Handle them gently. Mom would pick them (be sure to shake out any bugs) then wash and trim stems into short "handles". She would hold them by the stems and dip them in egg wash then into flour lightly seasoned with salt and pepper and a good pinch of fresh grated Italian cheese (Romano & Parmesan). Gently fried in butter till golden brown, flipping once. They were so good.


I can't find them or green tomatoes anywhere.
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Old 09-22-2020, 06:36 AM   #7
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I agree Linda, I would have thought they could sell the extra male flowers seeing as they usually outnumber the females.

Next time you're in the market perhaps suggest that to them? I understand they would only be good for that day - maybe harvesting and selling time have too great a distance to make the effort worth while.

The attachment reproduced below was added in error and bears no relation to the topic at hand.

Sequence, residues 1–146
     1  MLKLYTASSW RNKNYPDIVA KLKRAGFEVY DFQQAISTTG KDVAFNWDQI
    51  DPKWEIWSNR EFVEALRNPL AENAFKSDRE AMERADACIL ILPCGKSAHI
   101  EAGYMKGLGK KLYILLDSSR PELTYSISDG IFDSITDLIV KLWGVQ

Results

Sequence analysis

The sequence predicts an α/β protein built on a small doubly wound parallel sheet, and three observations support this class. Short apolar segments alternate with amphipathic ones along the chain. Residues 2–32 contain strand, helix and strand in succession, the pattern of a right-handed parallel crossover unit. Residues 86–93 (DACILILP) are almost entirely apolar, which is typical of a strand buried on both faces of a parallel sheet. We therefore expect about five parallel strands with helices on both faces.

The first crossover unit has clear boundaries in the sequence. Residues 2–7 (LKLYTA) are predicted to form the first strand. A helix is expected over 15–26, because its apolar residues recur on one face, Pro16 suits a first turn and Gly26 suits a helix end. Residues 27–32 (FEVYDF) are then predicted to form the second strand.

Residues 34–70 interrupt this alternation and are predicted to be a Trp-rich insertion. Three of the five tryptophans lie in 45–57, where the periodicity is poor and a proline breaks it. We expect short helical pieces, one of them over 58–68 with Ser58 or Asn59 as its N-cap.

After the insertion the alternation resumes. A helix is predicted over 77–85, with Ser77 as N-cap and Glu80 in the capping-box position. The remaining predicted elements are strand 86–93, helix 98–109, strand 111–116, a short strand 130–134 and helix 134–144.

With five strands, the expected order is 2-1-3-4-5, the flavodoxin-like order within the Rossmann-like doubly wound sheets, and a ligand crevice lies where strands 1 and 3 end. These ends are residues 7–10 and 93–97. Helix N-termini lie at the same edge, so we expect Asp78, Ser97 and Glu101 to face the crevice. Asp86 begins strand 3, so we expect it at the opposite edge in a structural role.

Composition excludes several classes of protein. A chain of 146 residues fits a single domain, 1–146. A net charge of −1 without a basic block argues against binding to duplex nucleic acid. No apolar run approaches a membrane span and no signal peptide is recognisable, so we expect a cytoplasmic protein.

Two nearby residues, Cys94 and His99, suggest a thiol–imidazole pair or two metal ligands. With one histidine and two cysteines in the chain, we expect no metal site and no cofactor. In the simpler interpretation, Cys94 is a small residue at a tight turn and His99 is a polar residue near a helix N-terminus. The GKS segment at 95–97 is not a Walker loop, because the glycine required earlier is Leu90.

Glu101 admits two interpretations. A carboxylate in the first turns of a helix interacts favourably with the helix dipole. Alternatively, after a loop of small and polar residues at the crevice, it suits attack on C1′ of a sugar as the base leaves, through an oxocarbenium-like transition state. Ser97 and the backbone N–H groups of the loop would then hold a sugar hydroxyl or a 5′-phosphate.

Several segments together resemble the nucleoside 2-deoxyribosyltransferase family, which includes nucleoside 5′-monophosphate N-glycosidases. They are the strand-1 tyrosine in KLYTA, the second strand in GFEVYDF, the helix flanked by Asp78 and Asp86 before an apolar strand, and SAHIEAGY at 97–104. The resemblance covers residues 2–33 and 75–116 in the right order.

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Old 09-22-2020, 07:53 AM   #8
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I enjoy them simply cleaned, dried, and dipped in egg wash, floor, egg wash, and panko bread crumbs. Season simply with S&P. To me, they have a mild umami flavor, a little meaty. Eat with ketchu0, salsa, or even A1 steak Sauce. They are also a great appetizer, and hold fillings well. Mix together cream cheese, minced scallops, crab, or shrimp with a bit of sugar and lemon juice. Stuff the blossoms, dip and fry, or bake until golden. Yum.

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Old 09-22-2020, 10:08 AM   #9